Australian Government must stop imitating China
SCORE one for the public’s right to know.
The Australian Federal Police yesterday ruled out laying charges against Annika Smethurst over her extraordinary 2018 story on the Australian Government’s plans to expand domestic spy powers.
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Under the proposal the Australian Signals Directorate, with the approval of home affairs and defence ministers, would be able to monitor texts, emails and bank accounts.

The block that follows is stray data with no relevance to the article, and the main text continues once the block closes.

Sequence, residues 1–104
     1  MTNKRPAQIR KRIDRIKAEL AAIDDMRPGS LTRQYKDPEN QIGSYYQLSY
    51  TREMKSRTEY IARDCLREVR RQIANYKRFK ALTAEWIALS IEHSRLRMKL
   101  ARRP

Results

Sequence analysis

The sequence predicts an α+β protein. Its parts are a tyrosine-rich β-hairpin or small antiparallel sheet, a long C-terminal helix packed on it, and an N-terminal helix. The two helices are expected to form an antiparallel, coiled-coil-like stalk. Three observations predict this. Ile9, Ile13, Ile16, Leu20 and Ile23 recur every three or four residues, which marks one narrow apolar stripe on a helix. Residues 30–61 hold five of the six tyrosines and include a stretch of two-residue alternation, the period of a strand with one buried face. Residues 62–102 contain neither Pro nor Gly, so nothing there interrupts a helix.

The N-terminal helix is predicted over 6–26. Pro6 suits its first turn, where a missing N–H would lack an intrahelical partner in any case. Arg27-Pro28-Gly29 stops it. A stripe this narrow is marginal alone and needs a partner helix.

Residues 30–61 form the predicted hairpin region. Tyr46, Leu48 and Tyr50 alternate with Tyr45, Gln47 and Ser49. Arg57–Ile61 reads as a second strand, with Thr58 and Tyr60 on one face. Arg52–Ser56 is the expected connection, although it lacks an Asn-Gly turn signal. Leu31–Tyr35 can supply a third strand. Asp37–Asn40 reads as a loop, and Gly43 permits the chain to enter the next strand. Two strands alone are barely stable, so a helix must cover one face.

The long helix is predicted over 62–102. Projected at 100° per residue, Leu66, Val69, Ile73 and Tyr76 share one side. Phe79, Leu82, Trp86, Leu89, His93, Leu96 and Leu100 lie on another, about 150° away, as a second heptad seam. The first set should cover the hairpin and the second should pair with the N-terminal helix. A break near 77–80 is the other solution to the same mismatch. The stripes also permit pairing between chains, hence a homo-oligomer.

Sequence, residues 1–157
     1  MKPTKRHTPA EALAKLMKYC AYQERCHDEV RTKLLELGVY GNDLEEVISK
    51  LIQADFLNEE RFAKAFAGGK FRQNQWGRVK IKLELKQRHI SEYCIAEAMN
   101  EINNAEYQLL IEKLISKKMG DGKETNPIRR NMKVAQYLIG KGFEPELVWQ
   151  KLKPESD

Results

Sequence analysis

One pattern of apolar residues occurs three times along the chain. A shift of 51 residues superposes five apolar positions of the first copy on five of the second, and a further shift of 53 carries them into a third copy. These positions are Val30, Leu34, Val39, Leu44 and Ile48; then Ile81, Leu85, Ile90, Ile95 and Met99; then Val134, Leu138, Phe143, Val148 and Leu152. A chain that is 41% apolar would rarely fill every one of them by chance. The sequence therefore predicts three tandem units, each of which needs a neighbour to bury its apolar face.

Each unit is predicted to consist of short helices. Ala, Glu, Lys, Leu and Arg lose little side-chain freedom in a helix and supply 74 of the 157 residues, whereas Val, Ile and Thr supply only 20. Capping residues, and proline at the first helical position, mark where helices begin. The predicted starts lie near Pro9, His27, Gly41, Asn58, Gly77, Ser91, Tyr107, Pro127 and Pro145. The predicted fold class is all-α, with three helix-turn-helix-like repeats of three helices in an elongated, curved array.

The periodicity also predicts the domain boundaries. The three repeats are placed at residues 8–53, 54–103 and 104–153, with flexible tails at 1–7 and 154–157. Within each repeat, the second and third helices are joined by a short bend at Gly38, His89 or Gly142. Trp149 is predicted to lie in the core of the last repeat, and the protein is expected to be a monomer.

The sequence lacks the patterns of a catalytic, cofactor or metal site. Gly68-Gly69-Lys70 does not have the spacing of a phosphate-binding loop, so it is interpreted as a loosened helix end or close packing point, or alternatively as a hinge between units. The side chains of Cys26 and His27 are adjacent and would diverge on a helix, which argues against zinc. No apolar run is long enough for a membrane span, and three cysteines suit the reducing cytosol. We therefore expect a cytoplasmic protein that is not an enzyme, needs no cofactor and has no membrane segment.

The story was called “nonsense” and “completely false”.
And yet in a strange coincidence the AFP raided her Canberra home last year over the alleged publication of official secrets.
Funny – wasn’t the information false? The search was ultimately ruled unlawful. But that decision only arrived last month.
Until then Smethurst had to deal with officers first rummaging through her underwear draw, probing through her phone and computer, and then almost a year of angst about possible charges.
It was a remarkable impersonation of the Chinese Government.
Which is really awkward.
Because if ever there was a clear example of how crucial whistleblowers, journalism and the public’s right to know is to the safety and health of the world, look no further than the start of COVID-19.